Sophie Click is used to standing out in a crowd. When you ride a Paint-Thoroughbred cross with plenty of chrome, being noticed is a fact of life. Hot Wheels has been Click’s steadfast partner through the levels since they joined forces in 2016, but when “Wheels” sustained a soft tissue injury last winter, Click’s mother, Amy Click, put out feelers for a new ride. They found Fernhill Rising (Cyrano—Tullys Eagles Wings, Coronea Eagle) in Alexandra Green’s barn.
“My first impression of ‘Stan’ was that he was the nicest horse I’d ever sat on,” Sophie said. “He’s this gorgeous, tall, leggy, liver chestnut gelding, and when I first tried him I was a little intimidated. I was like, ‘Oh, I’m not worthy of this horse.’ We didn’t get along at first. He was really used to Alex being his person, but I just spent time with him every day grooming and taking care of him, and eventually he settled in and opened up to me more. It turns out we’re a really good team.”
Sophie’s only been teamed up with the 10-year-old gelding for about a year and a half, but they led from start to finish in the Aspen Farms CIC**, held June 8-10 in Yelm, Washington.
“We’ve been working really hard over the last couple of months, and I think all of that hard work really paid off,” said Sophie, 19. “I knew that we would be very competitive, but there were other competitive pairs in the division, so I wasn’t sure how it was going to pan out. We were in first after dressage last year at this event and then pulled a few rails in show jumping, so this is the first time we’ve started in first and really kept it together all weekend.”
Sophie admitted the ghosts of past shows haunted her, but she turned to preparation and organization to keep her focus going into cross-country.
“I wasn’t nervous about the course, but I was a little nervous about my own ability to keep it together and go fast and clean enough to keep the lead,” Sophie said. “I walked the course a lot and made sure I knew it and was comfortable with all the lines. Then I took a long time to warm up and just tried to stay organized.”
Sophie is a native of Snoqualmie, Washington, but she’s spent the last three months in Kamloops, British Columbia, with trainer Sara Sellmer. Sellmer has trained Sophie on and off for years, but Sophie credited her immersion in Sellmer’s program as key to her win.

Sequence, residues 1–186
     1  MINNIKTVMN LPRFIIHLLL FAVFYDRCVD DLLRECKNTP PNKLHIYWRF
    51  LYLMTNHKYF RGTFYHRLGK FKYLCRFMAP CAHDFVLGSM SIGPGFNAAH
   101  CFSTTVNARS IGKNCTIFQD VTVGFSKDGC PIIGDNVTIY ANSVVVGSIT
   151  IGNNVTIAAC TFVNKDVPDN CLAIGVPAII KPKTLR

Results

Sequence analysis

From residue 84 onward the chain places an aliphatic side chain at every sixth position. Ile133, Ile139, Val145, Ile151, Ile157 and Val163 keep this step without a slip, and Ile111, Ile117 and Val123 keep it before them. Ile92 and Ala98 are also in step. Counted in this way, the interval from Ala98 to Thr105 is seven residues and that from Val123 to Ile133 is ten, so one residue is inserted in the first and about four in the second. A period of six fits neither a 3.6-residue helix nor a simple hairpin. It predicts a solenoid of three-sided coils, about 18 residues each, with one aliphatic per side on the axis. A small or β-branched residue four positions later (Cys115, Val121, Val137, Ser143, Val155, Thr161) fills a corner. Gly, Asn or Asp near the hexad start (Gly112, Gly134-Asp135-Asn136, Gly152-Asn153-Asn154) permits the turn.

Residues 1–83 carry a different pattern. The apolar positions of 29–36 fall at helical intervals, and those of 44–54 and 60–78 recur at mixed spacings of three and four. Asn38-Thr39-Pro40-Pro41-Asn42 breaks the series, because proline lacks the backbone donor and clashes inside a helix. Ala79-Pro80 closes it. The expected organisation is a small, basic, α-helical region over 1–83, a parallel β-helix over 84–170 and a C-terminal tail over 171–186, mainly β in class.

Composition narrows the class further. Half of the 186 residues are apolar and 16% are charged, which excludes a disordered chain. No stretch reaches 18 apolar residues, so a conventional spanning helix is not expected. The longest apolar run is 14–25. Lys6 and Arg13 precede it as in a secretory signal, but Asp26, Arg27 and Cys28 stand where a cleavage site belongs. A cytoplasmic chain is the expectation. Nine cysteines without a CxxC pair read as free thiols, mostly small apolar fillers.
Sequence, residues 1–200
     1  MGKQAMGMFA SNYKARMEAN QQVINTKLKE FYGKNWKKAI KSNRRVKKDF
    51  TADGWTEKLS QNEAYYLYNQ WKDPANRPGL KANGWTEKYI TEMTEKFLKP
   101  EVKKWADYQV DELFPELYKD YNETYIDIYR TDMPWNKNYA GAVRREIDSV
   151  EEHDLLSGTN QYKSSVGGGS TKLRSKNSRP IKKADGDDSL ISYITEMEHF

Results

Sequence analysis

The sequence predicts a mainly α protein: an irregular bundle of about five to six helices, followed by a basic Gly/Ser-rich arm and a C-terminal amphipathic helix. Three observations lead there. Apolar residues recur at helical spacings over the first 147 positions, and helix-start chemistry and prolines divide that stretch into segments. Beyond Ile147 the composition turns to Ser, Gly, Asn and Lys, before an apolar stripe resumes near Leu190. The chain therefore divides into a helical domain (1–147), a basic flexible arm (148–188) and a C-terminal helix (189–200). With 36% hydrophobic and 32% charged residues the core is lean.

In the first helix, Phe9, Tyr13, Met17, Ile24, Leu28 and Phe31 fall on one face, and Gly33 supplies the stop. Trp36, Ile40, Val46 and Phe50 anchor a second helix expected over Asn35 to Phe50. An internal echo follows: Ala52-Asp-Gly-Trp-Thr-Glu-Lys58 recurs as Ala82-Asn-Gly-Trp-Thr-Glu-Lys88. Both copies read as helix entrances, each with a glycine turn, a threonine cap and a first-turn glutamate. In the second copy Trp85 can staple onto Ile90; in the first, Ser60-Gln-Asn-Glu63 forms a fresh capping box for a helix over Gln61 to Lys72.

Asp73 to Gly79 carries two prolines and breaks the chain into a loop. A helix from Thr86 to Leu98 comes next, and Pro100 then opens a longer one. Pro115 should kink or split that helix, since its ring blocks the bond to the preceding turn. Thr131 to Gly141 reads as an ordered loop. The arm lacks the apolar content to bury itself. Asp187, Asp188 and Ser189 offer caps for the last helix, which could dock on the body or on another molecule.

The whole Click family is involved with eventing. Sophie’s sister, Harper, also competes, and Amy grew up with horses before she started eventing alongside her daughters.
“It’s always nice to have a riding buddy,” Sophie said. “Some days one of us would be like, ‘Ugh, the barn,’ and the other would be like, ‘No we gotta go. We gotta ride the horses.’ It’s great to have that kind of support and motivation.”
Sophie started eventing as a child; her natural bravery gave her an advantage when galloping at solid obstacles. She attended traditional high school while keeping up with her riding, but she’s opted for online college courses for now. Sophie’s résumé boasts a team silver medal from the 2017 Adequan/FEI North American Junior and Young Rider Championships, and in January of 2018 she participated in the Emerging Athlete Eventing 25 winter training session in Ocala, Florida, taught by Leslie Law.
“This was the first year I’ve ever been asked to join one of those groups, and it was definitely a bit intimidating at first,” Sophie said. “But everyone was super welcoming, and it’s a great community I get to be a part of. I didn’t really know anyone on the East Coast, so riding there for a week and meeting everyone else at the session made me feel really grateful.”
Sophie dreams of representing the United States and said her win at Aspen Farms was an important step toward that goal.
“I kind of proved to myself that I could do it,” Sophie said. “And I proved it to everyone else.”